LEXINGTON, Ky. (LEX 18) — More than 200,000 vaccines have been distributed in Kentucky so far. But even as the vaccine becomes easier to get, some people are still hesitant about getting it, especially African Americans and other minorities.
Community activist as well as an active member of the African American community in Lexington, Devine Carama, decided to get the vaccine on Wednesday despite having some reservations.
"We weren't born with that distrust, it was things that were done to us that led to that," says Carama.
Carama says that mistrust happened from things that were done to the Black community like the Tuskegee Syphilis Study that started in the 1930s. In this study, 600 men were treated for Syphilis, but even when Penicillin became the drug of choice to treat Syphilis, the subjects were never offered it or given the choice to quit the study.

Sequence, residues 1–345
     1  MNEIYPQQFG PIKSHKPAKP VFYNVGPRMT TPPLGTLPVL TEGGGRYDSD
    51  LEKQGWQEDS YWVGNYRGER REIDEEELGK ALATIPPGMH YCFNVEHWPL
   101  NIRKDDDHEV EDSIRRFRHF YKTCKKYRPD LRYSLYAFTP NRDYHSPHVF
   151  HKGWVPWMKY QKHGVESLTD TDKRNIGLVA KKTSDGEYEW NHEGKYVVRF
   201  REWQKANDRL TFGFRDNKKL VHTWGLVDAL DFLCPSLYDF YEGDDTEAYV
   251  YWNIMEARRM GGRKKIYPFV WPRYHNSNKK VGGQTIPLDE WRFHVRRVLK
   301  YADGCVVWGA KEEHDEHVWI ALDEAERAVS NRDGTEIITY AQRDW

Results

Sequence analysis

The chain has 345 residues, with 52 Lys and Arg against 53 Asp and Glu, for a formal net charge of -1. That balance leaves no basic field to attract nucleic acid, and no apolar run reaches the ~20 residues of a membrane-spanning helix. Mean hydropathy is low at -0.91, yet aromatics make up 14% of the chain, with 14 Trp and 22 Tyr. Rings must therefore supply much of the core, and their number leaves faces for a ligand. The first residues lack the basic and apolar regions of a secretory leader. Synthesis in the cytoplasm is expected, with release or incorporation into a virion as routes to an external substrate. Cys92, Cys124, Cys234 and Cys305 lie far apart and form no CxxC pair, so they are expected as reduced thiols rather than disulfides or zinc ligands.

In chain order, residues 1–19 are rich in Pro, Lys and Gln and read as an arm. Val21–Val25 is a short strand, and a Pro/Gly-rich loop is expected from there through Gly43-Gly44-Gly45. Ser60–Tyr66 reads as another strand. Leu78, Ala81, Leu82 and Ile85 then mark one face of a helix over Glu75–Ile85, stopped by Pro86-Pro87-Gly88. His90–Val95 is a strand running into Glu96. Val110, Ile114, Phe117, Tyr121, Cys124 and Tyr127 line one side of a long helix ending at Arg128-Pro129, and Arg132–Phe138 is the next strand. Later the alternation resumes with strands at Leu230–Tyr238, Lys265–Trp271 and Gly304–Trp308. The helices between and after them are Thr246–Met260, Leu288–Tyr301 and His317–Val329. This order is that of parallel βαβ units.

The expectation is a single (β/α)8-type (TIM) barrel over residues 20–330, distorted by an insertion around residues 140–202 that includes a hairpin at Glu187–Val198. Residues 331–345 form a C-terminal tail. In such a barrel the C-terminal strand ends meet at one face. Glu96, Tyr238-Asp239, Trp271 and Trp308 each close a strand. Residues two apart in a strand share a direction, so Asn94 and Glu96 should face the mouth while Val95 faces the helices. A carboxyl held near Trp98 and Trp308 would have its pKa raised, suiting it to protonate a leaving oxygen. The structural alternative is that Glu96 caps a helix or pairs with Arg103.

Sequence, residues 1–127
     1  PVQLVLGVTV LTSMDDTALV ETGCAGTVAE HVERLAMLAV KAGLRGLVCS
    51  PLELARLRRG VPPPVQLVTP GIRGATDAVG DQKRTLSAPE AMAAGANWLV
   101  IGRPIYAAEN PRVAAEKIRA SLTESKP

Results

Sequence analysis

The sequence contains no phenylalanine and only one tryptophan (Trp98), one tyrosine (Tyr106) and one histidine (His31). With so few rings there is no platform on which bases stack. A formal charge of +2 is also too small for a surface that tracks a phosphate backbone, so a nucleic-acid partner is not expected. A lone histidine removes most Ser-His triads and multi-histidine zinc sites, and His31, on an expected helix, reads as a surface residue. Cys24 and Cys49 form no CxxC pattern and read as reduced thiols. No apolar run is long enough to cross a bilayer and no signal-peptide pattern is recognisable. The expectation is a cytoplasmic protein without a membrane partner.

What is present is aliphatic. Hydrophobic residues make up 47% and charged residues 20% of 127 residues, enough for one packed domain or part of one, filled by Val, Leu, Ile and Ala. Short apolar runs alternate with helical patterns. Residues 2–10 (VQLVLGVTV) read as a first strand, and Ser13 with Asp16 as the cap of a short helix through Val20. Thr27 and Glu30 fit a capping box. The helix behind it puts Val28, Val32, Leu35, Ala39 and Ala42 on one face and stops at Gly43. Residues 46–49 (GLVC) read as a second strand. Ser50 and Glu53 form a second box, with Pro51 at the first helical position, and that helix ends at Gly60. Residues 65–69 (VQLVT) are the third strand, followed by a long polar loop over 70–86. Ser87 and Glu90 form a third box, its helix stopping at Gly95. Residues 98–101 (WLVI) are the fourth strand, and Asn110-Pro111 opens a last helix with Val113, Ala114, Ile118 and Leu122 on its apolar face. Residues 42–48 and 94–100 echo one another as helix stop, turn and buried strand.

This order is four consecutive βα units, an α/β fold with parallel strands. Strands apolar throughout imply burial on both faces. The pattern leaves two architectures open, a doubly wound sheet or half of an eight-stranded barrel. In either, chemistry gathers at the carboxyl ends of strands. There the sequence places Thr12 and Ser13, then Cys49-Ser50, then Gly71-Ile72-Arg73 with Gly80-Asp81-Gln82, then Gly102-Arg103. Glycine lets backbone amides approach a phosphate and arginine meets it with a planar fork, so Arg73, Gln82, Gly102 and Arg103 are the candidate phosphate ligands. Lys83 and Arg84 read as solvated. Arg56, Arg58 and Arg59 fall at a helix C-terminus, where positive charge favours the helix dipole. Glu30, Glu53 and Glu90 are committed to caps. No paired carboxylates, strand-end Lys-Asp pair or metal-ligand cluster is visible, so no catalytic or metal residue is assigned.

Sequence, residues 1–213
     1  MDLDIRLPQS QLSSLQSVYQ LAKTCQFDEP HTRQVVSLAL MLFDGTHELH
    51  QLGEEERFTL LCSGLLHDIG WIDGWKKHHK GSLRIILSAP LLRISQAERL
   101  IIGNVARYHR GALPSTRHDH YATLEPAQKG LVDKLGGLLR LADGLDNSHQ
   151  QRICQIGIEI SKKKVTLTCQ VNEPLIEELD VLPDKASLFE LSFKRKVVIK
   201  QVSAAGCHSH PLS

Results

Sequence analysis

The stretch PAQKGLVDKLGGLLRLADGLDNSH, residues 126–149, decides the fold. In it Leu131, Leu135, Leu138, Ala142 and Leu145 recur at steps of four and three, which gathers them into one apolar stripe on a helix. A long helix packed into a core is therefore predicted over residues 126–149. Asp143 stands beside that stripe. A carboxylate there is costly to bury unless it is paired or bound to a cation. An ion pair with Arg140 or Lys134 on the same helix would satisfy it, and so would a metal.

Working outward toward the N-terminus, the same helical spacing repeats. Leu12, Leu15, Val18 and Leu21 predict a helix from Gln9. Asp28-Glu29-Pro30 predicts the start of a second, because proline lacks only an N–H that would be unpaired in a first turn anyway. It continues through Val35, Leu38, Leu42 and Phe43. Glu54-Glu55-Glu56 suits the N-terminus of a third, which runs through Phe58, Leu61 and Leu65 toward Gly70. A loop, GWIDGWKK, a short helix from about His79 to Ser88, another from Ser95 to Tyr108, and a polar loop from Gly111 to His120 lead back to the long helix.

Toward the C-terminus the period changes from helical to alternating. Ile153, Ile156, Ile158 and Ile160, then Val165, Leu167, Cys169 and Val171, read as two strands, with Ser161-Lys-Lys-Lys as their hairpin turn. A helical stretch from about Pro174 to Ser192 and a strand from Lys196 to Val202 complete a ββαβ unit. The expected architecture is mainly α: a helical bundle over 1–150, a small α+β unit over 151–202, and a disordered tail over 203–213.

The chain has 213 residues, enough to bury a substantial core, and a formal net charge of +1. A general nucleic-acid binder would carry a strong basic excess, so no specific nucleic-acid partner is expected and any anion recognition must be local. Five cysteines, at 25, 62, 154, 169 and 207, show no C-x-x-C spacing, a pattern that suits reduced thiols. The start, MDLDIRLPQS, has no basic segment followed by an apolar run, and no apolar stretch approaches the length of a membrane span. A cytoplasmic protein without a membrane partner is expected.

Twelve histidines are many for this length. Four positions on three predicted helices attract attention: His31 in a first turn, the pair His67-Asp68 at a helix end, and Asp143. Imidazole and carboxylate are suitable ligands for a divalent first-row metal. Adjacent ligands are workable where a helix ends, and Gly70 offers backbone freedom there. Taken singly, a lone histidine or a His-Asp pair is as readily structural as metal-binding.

So Carama believes we should reevaluate our priorities, and perhaps it's just as important to increase minorities' trust in the research that went into making these vaccines as it is distributing them.
"This is decades, centuries of distrust that has been sold. So, it's a healing process and we must be intentional about helping people heal instead of just forcing them to get over it and telling them it's something they must do. No, let's have a conversation. Lets allow people to heal. Give them an opportunity to heal and I think that's what's really important, and I think if we do that, we will have more people get vaccinated and buy into the process."
Even still Carama encourages everyone to do their own research. He says he will never tell people what to do with their body, but believes this is the next step in returning life back to normal.